The Cooperative North Scandinavian ENalapril SUrvival Study (CONSENSUS, 1988) and the Studies Of Left Ventricular Dysfunction (SOLVD) recorded a 30% decrease in hospitalizations after adding enalapril 20 mg/day to the conventional therapy of heart failure patients. In the Survival And Ventricular Enlargement (SAVE) study, captopril 150 mg decreased hospitalizations by 22% in patients with poor ejection fractions, but no heart failure symptoms.
Reviewing age-adjusted heart failure hospitalization trends and angiotensin-converting enzyme (ACE) inhibitor prescribing rates in the Netherlands from 1980 to 1999, Mosterd et al found a steady increase in hospitalizations in the 1980s, peaking in the 1990s at the point at which ACE inhibitor use began to rise sharply, prescription rates more than doubled between 1990 and 1999. One explanation for the end in the increase in hospitalizations is the improvement in therapy. ACE inhibitors lower mortality and readmission in heart failure and/or left ventricular dysfunction, and they lower cardiovascular events, including heart failure, in patients at increased cardiovascular risk. As antihypertensives, they also help to prevent heart failure, or at least postpone its onset. The stabilization of hospitalization rates, decreased length of stay, and decreased inpatient fatality rates were strikingly similar to Scottish data covering the same period.
Mosterd et al found that primary hypertension was the predominant indication for ACE inhibition (65%). Heart failure and ischemic heart disease accounted for 9.4%. ACE inhibitors were the second most frequently prescribed drugs in heart failure (30.7%) after diuretics, followed by digoxin (14.5%).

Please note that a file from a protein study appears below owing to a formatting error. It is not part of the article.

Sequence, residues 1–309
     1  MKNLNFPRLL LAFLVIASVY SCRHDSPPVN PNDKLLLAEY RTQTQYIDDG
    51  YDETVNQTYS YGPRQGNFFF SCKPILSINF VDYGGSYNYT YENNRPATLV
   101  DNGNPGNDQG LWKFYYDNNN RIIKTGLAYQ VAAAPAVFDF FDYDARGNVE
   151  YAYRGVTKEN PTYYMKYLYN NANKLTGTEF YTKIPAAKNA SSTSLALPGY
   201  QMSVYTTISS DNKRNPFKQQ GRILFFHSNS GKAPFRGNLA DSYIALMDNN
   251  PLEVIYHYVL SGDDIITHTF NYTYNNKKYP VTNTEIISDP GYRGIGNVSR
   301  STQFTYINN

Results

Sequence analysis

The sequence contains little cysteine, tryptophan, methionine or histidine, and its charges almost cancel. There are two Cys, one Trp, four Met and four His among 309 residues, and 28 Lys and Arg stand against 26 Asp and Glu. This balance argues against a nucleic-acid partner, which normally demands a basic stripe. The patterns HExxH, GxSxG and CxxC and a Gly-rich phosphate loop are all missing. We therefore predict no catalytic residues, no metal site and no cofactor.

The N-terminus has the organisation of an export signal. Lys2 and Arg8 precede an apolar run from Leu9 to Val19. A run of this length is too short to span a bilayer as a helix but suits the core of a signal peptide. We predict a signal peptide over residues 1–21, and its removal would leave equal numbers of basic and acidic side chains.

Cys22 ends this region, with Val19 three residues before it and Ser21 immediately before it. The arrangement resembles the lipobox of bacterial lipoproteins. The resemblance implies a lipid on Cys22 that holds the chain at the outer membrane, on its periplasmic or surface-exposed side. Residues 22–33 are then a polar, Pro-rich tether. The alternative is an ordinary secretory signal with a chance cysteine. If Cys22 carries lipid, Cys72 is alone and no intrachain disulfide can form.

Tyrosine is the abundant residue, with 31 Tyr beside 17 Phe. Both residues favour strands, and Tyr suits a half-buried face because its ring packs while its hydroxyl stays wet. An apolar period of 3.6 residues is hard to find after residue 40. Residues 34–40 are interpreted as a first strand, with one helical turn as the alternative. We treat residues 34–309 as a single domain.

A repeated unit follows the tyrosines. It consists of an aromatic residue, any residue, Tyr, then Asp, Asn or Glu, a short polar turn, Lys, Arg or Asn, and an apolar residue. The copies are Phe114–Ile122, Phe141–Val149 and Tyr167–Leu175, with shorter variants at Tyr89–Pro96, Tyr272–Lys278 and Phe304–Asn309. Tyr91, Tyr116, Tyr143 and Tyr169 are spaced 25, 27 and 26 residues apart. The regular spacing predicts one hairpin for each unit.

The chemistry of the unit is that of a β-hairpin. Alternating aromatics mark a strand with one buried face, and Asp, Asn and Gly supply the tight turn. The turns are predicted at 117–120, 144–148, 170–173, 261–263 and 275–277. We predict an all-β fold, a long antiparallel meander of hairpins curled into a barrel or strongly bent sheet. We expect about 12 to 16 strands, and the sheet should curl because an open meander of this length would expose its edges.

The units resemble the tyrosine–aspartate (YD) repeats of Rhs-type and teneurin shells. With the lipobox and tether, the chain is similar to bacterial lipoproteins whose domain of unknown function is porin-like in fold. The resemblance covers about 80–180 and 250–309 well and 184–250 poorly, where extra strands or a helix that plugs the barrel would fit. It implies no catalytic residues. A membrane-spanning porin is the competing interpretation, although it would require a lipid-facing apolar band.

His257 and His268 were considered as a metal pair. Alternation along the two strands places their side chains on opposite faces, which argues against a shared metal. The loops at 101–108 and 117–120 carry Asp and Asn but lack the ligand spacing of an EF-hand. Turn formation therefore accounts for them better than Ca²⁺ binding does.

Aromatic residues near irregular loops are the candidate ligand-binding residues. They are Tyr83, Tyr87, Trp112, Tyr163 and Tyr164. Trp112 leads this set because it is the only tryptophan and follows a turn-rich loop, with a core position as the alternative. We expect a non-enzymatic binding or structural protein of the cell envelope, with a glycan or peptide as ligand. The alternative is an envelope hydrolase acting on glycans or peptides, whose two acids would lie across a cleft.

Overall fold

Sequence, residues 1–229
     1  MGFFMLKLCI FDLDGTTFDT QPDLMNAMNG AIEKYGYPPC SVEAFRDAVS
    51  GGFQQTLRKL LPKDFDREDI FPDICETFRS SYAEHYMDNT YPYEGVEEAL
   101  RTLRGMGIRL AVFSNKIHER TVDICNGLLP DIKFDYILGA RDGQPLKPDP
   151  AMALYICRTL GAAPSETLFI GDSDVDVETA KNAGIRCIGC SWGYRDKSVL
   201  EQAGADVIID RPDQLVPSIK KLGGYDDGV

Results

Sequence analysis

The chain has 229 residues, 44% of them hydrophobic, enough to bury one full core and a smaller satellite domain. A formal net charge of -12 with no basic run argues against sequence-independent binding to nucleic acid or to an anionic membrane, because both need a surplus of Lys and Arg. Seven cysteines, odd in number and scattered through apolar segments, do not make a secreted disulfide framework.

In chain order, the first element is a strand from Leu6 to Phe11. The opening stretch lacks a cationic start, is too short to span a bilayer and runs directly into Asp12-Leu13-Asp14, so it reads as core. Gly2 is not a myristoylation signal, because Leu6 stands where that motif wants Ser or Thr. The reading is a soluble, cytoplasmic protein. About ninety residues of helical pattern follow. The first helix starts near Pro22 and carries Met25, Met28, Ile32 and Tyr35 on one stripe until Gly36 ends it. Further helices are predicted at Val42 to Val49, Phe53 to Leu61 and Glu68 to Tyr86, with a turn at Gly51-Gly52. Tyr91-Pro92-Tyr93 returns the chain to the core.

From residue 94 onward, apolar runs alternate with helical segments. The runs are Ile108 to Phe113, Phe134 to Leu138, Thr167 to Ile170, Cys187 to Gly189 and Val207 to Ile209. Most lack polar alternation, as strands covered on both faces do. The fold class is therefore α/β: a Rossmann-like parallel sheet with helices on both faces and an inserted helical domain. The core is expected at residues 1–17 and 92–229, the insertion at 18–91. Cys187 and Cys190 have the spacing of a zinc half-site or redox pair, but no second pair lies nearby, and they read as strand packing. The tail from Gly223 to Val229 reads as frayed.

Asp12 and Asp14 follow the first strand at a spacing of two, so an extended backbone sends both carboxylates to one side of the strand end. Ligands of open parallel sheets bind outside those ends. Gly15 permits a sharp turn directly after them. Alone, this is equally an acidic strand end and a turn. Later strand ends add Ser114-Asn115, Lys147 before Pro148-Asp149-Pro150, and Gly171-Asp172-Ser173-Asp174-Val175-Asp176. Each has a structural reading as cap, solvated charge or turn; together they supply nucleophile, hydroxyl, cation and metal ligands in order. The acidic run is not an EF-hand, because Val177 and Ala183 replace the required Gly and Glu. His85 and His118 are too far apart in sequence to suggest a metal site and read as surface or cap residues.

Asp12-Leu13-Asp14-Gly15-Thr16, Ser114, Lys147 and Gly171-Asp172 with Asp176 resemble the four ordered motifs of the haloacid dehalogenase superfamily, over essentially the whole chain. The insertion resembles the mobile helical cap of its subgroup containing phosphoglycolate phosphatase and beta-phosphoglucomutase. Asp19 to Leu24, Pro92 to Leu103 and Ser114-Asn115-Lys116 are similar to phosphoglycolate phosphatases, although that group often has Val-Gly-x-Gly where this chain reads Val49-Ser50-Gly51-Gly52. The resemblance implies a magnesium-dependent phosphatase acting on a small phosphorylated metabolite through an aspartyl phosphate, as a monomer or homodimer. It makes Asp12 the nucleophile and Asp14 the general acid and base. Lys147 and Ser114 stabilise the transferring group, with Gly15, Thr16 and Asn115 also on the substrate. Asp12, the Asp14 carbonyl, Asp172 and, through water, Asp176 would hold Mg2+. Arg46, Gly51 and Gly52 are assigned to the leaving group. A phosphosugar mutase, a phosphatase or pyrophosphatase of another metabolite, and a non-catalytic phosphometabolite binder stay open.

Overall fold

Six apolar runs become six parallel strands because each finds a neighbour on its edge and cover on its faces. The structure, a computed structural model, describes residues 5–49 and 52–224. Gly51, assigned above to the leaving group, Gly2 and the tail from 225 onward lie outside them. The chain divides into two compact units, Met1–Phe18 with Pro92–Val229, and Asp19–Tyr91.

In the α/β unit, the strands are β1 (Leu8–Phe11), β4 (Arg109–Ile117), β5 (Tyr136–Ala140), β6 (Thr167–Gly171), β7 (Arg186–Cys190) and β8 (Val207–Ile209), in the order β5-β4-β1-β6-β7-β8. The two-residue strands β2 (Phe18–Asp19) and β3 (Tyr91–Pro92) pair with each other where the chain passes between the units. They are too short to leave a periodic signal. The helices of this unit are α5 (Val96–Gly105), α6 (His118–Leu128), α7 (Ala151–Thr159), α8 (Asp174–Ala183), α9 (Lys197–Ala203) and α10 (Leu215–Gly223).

Recent surveys indicate that only 40% to 70% of heart failure patients receive ACE-inhibitor therapy and that the daily doses are much lower than those in the clinical trials. In their retrospective study, Luzier et al found that only 22% of the patients on ACE-inhibitor therapy received the recommended dose of >20 mg/day enalapril or equivalent, and that 41% received <5 mg/day. Doses <5 mg enalapril did not lower readmission rates, whereas doses >10 mg enalapril lowered 90-day readmission rates by 28%.
The Assessment of Treatment with Lisinopril And Survival (ATLAS) trial (1999) confirmed that high doses of lisinopril (>30 mg/day) improved outcome and decreased hospitalization vs low doses (<5 mg/day); it showed that optimized ACE inhibition significantly lowered readmission rates and care costs in a heart failure management program.